A perennial plant that lives for several seasons, creeping woodsorrel grows in a prostrate manner (low and creeping) and forms roots and stems where nodes contact the soil. It grows in both full sun and shade if the area receives adequate moisture.
The leaves are comprised of 3 heart-shaped leaflets attached to the tip of a long stem. Leaves are green to purple and often close and fold downward in intense light and at night. If creeping woodsorrel plants are stressed due to drought or intense heat, the leaves sometimes turn reddish and wilt.
Creeping woodsorrel can bloom almost any time during the year, although spring is a time of heavy flowering and seed formation. The flowers have 5 small, yellow petals about 1/8- to 1/3-inch long that are borne singly in small clusters of 2 to 5 flowers on the ends of short, slender stalks.
Seedpods are erect, hairy, cylindrical capsules with a pointed tip about 1/3 to 1 inch long and resemble miniature okra. Seeds are oval, flat, rough, reddish brown sometimes with gray spots, and about 1/25 inch long. There are about 10 to 50 seeds per pod, with a potential for more than 5,000 seeds per plant. When seedpods mature, they rupture, and seeds are forcefully expelled, landing up to 10 feet from the plant. Because seeds are rough, they can stick to machinery, plastic pots, irrigation tubing, and clothing.
Seeds require light for germination. Optimum seed germination occurs between 60° and 80°F, although it can occur at lower temperatures. Seeds can germinate any time of year in California, but most plant establishment takes place in fall. It isn’t known how long seeds remain viable in the soil. Moist, hot conditions inhibit seed germination; for example, 4 hours of moist heat at 97°F decreases germination by 96%, while 8 hours stops it altogether.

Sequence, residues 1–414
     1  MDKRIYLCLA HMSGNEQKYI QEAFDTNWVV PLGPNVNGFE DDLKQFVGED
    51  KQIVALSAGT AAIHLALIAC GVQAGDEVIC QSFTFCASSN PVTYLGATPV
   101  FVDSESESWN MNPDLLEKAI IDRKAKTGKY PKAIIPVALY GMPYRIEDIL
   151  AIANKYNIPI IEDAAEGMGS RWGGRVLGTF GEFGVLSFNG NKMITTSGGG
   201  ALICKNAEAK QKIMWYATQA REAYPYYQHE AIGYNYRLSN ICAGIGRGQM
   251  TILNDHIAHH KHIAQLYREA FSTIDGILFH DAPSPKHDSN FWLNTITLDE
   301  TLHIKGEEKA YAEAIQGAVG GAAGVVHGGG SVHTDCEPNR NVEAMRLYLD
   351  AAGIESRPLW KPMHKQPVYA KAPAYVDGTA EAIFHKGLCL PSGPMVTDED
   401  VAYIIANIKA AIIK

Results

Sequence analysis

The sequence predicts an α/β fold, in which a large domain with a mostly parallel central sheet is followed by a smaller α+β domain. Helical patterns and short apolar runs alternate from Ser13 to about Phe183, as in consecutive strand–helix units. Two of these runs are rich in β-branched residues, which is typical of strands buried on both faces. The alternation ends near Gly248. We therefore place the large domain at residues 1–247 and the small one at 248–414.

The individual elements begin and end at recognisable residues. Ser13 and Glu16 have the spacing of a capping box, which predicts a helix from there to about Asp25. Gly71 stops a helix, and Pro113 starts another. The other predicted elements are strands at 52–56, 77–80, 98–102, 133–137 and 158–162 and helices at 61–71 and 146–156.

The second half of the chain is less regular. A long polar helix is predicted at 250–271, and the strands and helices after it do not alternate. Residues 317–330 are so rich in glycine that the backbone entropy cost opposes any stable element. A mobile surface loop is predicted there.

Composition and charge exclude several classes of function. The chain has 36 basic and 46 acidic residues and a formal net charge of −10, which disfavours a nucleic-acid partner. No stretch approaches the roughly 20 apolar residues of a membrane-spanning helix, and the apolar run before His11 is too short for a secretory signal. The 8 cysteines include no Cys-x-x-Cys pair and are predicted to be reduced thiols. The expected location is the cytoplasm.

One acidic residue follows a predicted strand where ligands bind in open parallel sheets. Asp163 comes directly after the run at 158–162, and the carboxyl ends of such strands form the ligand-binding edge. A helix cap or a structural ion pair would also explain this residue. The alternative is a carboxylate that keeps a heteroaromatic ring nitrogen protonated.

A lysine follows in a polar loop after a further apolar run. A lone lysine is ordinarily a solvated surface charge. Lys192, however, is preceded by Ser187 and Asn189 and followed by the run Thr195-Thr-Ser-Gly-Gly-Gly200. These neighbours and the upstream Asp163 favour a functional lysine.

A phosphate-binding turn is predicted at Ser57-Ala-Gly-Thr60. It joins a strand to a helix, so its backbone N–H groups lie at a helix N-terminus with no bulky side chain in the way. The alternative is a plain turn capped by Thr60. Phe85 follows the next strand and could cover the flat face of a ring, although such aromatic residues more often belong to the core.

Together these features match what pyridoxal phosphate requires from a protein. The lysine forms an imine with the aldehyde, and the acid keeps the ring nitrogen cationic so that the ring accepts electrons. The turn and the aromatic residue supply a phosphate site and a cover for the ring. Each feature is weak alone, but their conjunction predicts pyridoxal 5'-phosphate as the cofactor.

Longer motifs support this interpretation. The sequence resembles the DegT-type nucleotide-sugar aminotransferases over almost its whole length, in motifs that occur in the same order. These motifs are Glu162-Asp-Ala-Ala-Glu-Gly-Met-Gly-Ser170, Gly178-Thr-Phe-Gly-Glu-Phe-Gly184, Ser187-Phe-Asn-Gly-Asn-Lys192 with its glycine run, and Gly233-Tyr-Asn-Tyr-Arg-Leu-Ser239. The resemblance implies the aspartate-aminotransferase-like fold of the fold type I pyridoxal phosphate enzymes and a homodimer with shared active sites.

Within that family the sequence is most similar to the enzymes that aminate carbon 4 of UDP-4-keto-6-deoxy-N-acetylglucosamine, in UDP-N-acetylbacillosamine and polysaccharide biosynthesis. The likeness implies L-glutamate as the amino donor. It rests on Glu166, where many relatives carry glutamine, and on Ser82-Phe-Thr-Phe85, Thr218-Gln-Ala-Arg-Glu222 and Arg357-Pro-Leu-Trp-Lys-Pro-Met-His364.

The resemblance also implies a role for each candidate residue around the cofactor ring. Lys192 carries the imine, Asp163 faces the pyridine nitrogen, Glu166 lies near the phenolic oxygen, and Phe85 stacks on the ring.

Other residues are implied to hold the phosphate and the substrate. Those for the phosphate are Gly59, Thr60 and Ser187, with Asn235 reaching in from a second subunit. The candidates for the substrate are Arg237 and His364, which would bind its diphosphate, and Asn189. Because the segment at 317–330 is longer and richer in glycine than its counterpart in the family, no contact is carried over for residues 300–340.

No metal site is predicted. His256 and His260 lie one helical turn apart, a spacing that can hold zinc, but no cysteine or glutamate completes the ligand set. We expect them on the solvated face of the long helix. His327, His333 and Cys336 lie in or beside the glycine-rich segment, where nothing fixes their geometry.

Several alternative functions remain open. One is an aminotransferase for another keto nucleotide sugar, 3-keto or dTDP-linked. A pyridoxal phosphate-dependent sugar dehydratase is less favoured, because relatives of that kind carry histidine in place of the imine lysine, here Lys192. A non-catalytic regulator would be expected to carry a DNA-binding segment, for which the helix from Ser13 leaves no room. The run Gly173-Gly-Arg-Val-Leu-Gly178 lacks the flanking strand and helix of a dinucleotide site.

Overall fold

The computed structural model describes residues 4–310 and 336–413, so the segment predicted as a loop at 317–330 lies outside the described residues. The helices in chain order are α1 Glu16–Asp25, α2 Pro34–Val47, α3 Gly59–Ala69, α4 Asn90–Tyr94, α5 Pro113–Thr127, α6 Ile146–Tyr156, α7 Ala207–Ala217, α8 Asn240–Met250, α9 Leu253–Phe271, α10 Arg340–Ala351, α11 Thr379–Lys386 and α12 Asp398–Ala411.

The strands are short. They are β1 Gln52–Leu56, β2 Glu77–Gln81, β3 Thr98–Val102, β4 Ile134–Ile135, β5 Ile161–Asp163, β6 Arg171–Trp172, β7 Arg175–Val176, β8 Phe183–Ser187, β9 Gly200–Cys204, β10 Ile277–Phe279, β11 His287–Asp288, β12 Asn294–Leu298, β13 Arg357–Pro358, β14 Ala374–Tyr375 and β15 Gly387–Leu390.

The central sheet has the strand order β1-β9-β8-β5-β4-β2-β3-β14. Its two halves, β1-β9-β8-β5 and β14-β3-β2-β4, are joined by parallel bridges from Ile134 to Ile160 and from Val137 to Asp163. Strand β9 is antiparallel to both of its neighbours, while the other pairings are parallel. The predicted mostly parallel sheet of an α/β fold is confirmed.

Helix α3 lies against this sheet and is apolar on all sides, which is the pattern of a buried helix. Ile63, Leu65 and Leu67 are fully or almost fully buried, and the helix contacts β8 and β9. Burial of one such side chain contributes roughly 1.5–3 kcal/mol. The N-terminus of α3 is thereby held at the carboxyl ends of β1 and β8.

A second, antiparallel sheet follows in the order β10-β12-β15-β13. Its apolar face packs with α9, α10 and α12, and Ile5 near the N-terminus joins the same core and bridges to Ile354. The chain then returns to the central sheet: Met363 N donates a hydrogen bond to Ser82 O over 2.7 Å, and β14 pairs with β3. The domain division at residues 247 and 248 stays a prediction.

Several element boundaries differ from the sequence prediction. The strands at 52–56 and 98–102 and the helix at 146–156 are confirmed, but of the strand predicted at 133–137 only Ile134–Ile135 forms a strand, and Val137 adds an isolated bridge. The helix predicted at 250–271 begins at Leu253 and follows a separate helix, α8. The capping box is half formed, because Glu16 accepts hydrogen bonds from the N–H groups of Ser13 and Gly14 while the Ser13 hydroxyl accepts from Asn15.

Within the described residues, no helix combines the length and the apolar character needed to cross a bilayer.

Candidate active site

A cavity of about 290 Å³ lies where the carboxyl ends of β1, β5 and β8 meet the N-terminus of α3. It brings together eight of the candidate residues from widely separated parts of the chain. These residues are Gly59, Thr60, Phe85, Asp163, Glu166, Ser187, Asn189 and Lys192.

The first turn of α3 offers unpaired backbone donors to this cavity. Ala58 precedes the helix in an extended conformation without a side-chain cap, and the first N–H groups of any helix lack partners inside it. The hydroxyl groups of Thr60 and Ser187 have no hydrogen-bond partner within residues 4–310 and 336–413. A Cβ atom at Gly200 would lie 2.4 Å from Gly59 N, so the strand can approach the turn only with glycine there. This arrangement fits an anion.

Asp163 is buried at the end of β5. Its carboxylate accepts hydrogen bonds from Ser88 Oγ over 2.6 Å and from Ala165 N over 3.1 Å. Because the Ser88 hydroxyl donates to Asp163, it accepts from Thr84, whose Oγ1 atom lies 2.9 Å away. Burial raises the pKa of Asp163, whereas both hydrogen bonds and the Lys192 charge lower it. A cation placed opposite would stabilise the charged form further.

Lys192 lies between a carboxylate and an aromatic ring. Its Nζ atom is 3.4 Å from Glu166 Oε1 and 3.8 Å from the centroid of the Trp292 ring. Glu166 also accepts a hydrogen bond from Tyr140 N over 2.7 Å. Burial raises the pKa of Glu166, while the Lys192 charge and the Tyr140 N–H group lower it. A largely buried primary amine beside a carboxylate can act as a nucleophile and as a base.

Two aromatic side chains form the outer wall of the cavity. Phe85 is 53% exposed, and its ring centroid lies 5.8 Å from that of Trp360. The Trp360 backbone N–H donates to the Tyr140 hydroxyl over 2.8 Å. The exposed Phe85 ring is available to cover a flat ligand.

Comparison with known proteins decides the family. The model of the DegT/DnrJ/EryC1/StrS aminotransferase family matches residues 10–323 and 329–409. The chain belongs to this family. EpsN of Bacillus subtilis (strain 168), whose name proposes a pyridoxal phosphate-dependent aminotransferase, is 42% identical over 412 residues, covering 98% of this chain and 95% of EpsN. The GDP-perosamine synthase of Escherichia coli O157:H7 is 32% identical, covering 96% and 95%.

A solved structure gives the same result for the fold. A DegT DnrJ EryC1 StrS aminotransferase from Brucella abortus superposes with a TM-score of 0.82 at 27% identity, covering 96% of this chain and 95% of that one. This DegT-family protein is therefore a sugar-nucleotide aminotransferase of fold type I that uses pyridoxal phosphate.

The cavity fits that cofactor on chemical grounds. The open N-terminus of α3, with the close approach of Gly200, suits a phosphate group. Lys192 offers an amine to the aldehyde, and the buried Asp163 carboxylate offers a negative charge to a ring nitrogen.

Seedlings have 2 round leaves, and the first true leaves are a replica of the mature, heart-shaped leaflets. Creeping woodsorrel grows rapidly, forming a fleshy taproot and an extensive root system that expands outward. Seedlings begin flowering in about 4 weeks. Extremely cold or hot temperatures reduce growth but won’t kill the plants. If you pull creeping woodsorrel from the ground, the taproot or stolons often break off and remain in the soil, allowing the plant to regrow. Pieces of roots and prostrate stems can develop into new plants when conditions are favorable.
Bermuda Buttercup (Buttercup Oxalis)
Bermuda buttercup is a perennial that grows in full sun in cool coastal areas, but inland it grows primarily in semishaded sites. It grows upright and is larger and showier than creeping woodsorrel.
It develops from bulbs that sprout and grow in the fall. The plant forms a single, short, vertical stem that is mostly underground. Leaves form a loose basal rosette on the soil surface. The leaves are comprised of 3 heart-shaped leaflets and are larger and more succulent than those of creeping woodsorrel; they often are spotted with purple dots.
Small, whitish bulblets develop on the stem at the base of the rosette of leaves, and new bulbs form underground. A plant forms about a dozen small bulbs per year, each less than 1 inch long. Bermuda buttercup also can produce a lateral stem (runner) that forms a new, aboveground plant.